Van Dyke trial day one: Organizers rally outside courthouse

 
By Maya J. Horton & Julia Mondschean
 
 

On the early morning of Sept. 5, Jason Van Dyke entered the Leighton Criminal Courthouses surrounded by an entourage that included his fellow police officers. Jury selection began Wednesday for Van Dyke’s trial.

Van Dyke, a white Chicago police officer, is accused of fatally shooting Laquan McDonald, a black teen, in October 2014, and has since been charged with first-degree murder, aggravated battery and official misconduct.

Dash-cam footage of the incident–which was released to the public one year after the incident–showed that McDonald, then 17, was walking away from Van Dyke and another officer with a knife in his hand. Van Dyke shot McDonald, who then fell to the ground, and continued to shoot at him. An official autopsy declared that Van Dyke shot McDonald 16 times.

According to the Chicago Tribune, if Van Dyke is convicted it would mark the first time a Chicago police officer has been charged with first-degree murder for an on-duty fatality in nearly 35 years.

Outside of the courthouse, many community organizers and activists rallied for justice in the name of McDonald. The Chicago Alliance Against Racist and Political Repression (CAARPR), the main organizers of the rally,  provided a lineup of speakers, including Alderman Carlos Ramirez-Rosa (35th); Otis Moss III, senior pastor of Trinity United Church of Christ; and Ester Hernandez, a mother whose son was tortured by ex-Chicago Detective Reynaldo Guevara and heads the Innocent Demand Justice Committee.  

“We lost a man that should have received mental health services,” Ramirez-Rosa said of McDonald. “We lost a young man that should have received the support he needed from a fully-funded public school. We lost a man that was abandoned by the state.”

Many of the rally’s attendees shared that this case is not only about Van Dyke. For them, the case puts the entire justice system on trial after decades of policies that protected police over Chicago’s black and brown communities.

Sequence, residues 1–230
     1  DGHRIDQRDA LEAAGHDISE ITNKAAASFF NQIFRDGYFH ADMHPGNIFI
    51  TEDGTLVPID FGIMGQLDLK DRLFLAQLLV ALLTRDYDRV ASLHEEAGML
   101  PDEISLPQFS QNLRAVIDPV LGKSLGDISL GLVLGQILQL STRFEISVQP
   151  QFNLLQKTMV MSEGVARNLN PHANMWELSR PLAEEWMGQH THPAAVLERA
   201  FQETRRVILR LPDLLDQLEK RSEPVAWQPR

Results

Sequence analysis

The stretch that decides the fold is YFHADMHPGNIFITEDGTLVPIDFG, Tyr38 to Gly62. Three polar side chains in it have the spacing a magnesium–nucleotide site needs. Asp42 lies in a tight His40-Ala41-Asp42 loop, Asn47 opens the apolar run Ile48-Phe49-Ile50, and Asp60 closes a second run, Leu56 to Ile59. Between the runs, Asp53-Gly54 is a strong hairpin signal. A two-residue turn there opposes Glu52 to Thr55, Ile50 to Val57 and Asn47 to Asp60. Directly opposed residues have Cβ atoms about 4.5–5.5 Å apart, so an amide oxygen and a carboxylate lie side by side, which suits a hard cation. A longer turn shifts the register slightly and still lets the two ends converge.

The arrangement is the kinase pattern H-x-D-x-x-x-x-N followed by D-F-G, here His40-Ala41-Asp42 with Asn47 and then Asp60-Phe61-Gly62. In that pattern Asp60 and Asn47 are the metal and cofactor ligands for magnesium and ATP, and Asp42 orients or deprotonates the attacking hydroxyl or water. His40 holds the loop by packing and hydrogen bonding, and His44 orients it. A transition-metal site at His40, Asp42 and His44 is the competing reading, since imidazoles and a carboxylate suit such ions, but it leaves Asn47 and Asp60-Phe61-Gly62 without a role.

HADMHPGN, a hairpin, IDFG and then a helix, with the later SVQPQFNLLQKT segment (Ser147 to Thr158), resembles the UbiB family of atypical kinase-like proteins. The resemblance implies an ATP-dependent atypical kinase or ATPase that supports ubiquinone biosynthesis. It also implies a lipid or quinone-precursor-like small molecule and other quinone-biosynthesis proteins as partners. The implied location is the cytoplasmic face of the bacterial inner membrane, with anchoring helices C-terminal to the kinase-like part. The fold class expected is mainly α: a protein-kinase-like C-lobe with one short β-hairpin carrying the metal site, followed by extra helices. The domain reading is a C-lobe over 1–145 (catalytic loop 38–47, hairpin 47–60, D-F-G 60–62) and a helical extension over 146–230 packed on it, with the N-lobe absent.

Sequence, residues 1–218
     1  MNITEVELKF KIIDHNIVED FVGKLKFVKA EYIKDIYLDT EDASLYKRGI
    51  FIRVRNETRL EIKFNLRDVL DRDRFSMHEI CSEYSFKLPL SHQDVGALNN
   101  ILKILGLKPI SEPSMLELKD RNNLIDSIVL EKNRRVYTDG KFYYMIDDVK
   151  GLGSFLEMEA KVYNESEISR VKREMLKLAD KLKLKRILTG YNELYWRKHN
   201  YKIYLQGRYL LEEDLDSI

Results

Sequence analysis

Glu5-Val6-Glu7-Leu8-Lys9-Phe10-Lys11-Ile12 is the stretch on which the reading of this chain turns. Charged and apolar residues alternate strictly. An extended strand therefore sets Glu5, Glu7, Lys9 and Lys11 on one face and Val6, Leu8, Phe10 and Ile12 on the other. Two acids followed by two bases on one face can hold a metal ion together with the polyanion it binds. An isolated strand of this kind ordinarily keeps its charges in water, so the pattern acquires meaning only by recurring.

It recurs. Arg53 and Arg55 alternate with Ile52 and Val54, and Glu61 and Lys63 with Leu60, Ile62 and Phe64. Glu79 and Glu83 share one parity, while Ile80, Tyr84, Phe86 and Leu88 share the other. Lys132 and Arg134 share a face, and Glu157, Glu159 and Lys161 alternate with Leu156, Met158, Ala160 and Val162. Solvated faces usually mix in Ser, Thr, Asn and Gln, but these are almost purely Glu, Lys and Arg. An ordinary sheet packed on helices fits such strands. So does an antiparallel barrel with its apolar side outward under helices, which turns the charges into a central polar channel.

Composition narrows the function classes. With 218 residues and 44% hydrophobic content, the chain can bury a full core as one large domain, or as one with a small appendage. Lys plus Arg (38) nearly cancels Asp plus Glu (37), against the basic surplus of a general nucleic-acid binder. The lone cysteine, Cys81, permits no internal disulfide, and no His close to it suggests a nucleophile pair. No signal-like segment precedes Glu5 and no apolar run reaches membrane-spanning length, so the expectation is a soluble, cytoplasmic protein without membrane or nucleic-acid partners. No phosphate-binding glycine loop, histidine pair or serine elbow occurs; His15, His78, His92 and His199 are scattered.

Black Lives Matter organizer Maria Hernandez said she is concerned that Van Dyke has so far been protected from the full force of law by his status as an officer, remaining on the Police Force and receiving only a suspension without pay a year after the incident.

“It is difficult to see this man with all of this protection,” Hernandez said. “I’m not talking about physical protection. I am talking about the protection of a system that has kept him employed, kept him comfortable, catered to his needs.”

CAARPR organizer Jazmine Salis expressed a feeling of victory following Mayor Rahm Emanuel’s Tuesday morning announcement that he would not seek re-election. Salis said she holds Emanuel personally accountable for the alleged “cover-up” of McDonald’s murder.

While Hernandez agrees with Salis that Emanuel’s resignation is a win, she urges Chicagoans to keep the pressure for accountability on the mayor’s office.

“It does not finish our work, but it validates our work because he could not have made it through this trial,” Hernandez said. “No matter how much money he pours into the election, you can’t buy the truth. We know what we are fighting for.”